The painful reality is this: Labour is not scarce; jobs are scarce. And Canada's labour market is not healthy; it's been stalled in recession-like conditions for years.
In reality, do we still have a "real" middle class? Where does the political opportunism start and where does the economic reality end?
The embrace of austerity at the 2010 Toronto summit was a dramatic reversal of the stimulus spending that the world's rich nations had quite effectively adopted to counter the 2008 financial crash.
Another part of the OECD Employment Outlook 2013 that is worth reading in detail is Chapter 2. It provides a thorough revision and updating of the OECD's quantitative index of EPL intensity.
The federal government never tires of boasting that Canada's labour market has performed better than most other countries through the financial crisis and subsequent recession.
Last week, the CCPA released my policy brief on Saskatchewan job creation. It demonstrated that "workforce growth has been almost identical during the premierships of Brad Wall and Lorne Calvert."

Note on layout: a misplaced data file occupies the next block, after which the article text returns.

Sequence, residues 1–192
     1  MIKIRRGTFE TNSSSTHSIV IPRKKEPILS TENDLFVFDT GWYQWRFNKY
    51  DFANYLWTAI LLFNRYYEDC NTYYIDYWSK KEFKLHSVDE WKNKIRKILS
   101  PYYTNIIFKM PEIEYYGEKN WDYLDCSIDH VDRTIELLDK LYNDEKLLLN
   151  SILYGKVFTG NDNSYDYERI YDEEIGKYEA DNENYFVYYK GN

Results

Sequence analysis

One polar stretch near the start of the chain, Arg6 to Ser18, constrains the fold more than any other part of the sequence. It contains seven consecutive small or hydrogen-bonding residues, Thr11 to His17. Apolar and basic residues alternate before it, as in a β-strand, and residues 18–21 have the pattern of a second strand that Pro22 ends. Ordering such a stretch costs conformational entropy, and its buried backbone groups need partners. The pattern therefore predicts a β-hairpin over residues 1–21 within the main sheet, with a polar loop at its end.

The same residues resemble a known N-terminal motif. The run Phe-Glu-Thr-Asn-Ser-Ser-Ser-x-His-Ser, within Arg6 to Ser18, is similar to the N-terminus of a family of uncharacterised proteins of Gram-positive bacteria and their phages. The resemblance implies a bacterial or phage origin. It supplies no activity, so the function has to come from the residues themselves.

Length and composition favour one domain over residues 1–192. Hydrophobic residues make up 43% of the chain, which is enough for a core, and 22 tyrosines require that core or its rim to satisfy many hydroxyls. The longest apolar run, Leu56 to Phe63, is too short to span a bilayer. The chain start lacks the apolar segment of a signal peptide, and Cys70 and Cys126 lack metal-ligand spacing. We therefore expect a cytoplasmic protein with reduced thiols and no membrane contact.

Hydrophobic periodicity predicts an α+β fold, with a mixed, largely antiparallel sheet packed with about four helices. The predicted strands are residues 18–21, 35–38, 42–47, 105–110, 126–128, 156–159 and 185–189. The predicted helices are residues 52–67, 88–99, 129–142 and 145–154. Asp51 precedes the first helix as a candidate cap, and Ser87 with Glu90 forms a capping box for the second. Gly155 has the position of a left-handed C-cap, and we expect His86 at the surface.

The Institute for Research on Public Policy has published a very interesting overview study on the resuscitation of "industrial policy" in economic policy circles.
With Harper making the diplomatic rounds in Europe, media interest has heightened this week regarding the potential free trade agreement which his government is trying to negotiate with the EU.
In our previous blog post, we took a look at five proposals from a feature entitled "A better life without growth" in the French magazine Alternatives économiques.
These suggestions are very interesting and easy to implement. They are meant to decrease individuals' expenses in order to lessen the urge to accumulate money.